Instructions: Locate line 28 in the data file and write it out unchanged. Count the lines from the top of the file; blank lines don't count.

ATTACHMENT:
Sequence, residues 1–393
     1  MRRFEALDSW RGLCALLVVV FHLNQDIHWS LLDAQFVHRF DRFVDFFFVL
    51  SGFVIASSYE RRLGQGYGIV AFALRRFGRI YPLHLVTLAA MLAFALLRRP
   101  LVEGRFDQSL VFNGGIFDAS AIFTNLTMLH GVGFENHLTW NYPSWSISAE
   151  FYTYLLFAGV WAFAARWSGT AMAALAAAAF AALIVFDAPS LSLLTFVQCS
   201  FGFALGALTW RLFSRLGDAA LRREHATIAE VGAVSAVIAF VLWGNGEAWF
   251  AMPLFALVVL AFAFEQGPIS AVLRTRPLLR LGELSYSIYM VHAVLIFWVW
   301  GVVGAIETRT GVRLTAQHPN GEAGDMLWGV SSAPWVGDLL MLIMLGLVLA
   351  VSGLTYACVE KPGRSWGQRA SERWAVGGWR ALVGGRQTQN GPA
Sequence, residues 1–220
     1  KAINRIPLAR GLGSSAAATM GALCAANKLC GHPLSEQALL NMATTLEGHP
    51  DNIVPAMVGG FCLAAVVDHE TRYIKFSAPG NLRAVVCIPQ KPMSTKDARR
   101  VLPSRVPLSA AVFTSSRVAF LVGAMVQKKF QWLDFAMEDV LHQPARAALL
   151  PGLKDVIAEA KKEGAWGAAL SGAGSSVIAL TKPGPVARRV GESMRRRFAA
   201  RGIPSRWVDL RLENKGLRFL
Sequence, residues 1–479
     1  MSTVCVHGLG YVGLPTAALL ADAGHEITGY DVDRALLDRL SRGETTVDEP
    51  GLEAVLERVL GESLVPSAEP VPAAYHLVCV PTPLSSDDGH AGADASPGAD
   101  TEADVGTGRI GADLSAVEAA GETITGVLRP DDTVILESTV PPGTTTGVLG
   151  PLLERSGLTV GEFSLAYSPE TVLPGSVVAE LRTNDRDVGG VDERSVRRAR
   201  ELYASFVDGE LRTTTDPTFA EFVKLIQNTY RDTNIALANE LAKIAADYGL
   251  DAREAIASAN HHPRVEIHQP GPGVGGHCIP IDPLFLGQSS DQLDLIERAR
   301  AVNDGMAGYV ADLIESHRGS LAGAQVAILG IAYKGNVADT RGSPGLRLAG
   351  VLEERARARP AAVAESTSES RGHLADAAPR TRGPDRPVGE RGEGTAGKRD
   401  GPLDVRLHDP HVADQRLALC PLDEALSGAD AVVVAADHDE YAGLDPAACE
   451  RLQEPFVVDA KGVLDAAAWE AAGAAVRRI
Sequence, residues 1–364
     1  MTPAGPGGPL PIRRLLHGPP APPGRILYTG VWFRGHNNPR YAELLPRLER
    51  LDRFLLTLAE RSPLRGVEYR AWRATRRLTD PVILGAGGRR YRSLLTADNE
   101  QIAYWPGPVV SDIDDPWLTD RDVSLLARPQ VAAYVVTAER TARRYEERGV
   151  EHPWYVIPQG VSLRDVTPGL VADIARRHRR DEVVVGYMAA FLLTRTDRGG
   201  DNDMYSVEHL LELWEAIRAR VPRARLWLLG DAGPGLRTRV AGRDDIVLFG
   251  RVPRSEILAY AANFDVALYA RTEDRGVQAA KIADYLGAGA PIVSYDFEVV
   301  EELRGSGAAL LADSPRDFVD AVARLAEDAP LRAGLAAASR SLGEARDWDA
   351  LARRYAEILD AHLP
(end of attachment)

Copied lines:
     1  MTPAGPGGPL PIRRLLHGPP APPGRILYTG VWFRGHNNPR YAELLPRLER